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117 FRANK 1 IN ST1:1:1:T.

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117 FRANKLIN STREET.

PRE FA C E.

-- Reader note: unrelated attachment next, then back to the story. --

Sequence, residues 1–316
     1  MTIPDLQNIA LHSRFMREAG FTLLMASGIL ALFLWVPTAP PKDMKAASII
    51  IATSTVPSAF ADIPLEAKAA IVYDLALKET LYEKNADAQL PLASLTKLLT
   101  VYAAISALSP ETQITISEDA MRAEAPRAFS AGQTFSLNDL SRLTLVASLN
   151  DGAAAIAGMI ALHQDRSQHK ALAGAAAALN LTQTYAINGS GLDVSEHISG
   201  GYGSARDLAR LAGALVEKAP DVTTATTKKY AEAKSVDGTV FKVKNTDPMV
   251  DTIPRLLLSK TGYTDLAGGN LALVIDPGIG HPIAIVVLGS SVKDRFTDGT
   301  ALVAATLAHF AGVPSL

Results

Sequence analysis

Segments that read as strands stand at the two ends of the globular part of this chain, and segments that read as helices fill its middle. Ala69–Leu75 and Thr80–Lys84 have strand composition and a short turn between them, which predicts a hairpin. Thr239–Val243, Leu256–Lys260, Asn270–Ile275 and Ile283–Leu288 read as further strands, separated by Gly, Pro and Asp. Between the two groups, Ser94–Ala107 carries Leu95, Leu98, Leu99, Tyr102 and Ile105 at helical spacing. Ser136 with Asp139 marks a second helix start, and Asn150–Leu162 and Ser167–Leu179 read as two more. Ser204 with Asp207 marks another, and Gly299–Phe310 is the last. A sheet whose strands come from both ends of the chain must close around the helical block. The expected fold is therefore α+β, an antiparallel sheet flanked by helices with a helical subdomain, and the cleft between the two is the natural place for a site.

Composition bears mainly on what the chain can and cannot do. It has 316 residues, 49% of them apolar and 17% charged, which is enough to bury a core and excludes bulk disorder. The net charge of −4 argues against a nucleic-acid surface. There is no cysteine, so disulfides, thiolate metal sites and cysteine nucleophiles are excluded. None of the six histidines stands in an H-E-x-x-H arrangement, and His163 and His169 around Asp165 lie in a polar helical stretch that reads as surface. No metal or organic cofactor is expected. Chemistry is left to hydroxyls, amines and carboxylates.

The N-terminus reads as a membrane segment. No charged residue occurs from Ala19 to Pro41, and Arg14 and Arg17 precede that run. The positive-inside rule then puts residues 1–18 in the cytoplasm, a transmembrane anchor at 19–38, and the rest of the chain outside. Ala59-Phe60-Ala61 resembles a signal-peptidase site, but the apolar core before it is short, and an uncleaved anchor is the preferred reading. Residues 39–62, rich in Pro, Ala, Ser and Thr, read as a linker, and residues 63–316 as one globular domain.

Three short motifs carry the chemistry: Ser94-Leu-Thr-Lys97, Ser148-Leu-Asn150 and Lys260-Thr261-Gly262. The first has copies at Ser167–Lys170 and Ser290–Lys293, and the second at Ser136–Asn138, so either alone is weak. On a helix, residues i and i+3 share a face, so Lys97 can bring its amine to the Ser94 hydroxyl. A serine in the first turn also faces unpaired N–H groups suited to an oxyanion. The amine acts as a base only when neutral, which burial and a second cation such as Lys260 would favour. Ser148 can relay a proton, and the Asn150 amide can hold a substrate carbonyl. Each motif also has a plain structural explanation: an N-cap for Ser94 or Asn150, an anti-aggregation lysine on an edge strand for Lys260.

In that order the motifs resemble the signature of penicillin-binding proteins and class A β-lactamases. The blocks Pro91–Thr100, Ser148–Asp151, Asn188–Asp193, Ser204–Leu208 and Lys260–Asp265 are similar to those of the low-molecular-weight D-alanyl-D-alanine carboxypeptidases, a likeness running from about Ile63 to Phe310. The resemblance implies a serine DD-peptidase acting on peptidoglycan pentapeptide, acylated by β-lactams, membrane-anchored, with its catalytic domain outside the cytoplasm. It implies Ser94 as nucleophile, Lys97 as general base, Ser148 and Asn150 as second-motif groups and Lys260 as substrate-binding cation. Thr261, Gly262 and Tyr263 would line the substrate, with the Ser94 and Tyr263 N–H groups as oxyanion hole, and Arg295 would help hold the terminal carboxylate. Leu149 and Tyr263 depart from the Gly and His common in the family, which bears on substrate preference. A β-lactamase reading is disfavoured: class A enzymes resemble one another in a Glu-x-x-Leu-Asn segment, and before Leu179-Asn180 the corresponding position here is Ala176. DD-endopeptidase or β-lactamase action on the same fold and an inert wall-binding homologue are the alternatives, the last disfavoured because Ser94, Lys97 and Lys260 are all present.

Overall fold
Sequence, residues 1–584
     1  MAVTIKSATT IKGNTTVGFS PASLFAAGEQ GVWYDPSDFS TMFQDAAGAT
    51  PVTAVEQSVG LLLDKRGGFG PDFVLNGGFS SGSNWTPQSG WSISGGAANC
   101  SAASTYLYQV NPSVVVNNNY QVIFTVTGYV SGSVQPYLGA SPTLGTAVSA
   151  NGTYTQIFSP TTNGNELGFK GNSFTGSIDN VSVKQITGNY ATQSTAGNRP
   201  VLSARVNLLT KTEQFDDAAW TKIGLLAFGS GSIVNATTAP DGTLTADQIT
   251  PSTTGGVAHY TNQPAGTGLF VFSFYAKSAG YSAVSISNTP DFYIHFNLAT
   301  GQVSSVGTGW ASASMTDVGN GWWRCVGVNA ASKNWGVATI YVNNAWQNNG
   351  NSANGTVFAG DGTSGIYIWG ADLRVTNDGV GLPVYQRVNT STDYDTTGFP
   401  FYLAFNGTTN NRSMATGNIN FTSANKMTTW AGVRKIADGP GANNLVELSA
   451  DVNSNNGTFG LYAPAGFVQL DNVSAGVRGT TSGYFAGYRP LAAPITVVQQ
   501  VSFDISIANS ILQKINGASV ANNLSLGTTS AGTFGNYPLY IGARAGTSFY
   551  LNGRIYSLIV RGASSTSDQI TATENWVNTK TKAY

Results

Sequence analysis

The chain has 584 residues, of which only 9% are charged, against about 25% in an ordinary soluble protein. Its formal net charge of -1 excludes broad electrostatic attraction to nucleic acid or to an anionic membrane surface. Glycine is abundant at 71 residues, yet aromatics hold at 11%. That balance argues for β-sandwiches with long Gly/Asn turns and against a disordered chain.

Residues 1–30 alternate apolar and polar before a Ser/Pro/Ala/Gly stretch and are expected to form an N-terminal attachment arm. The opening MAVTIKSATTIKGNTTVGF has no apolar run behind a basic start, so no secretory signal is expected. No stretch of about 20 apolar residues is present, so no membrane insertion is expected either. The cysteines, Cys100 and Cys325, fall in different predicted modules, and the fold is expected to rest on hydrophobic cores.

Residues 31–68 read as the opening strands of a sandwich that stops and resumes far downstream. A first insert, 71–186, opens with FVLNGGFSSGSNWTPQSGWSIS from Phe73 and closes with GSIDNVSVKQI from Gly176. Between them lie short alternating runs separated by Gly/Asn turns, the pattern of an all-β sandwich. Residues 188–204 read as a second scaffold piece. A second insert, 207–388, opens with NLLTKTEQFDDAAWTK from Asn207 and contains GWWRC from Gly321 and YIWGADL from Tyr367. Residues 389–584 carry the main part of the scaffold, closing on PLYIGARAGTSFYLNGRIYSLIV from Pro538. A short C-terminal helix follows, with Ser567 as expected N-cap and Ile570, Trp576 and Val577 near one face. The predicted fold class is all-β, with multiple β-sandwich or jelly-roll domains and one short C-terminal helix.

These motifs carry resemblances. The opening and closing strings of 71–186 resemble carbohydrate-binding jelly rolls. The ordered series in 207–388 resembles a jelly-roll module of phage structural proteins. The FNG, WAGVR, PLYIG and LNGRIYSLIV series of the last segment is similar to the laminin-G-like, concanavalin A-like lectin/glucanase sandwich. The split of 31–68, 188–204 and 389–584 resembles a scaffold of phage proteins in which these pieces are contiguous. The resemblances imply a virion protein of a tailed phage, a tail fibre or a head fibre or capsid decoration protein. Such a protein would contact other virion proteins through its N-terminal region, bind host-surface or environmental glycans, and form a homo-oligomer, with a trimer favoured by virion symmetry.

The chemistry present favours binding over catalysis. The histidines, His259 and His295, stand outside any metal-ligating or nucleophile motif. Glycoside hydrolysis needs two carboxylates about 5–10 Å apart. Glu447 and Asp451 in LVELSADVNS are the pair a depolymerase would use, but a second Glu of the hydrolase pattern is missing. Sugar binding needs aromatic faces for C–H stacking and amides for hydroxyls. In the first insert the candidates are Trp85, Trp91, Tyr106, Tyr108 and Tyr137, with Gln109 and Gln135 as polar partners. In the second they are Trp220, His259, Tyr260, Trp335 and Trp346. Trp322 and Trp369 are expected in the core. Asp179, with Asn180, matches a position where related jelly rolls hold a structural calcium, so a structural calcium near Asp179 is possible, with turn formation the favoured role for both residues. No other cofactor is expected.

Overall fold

THE distinguishing feature of this Report is the complete general index of the whole Second Series from 1853 to 1877 inclusive. It will add very much to the value of all the Reports. A book without an index is very much like a spade without a handle. If a book is worth any thing, it is worth vastly more when it is provided with the means of finding what it contains; and the same is true of any series of books. The twenty-five Reports contain a vast number of thoroughly first-class scientific and practical papers and discussions, covering a wide range of topics relating to almost every department of farm industry. They constitute something of a farmer's library of themselves; and the index was regarded as an essential requisite to their completeness. I am indebted to Col. Wilder for the admirable steel plate which forms the frontispiece of the Report, and to Capt. John B. Moore for the plate illustrating his new seedling grape, also to Mr. Cook of Foxborough for the striking likeness of his horse “Herald,” formerly known as “Graphic.” He was sired by Smuggler, dam, Cook's Kitty Clyde. This remarkable colt was bred by W. T. Cook, Esq., of Foxborough, Mass., and was foaled Aug. 12, 1874. When only three weeks old, he was shown at the New-England Fair held in Rhode Island, where he received the first premium of the society for horse colts over a field of nineteen entries; his extraordinary limbs and muscular development attracting marked attention from breeders and horsemen even at that early age. In 1875 he was exhibited at the same fair, held in New Hampshire, where the first premium was again awarded him over a field of twenty-two entries, among which were some of the finest yearlings ever shown in New England. In 1876, at the Centennial Horse Exhibition held in Philadelphia, the highest honors in the two-year-old class for trotting stallions were awarded to him. He is a very rapid walker; and his action in trotting is clean, free, and level, showing evidence of great speed. That he will make a successful sire is evident from the fact that he has already shown himself possessed of the power of endowing his get with his own wonderful development of both limbs and muscle. II is pedigree is as follows: —

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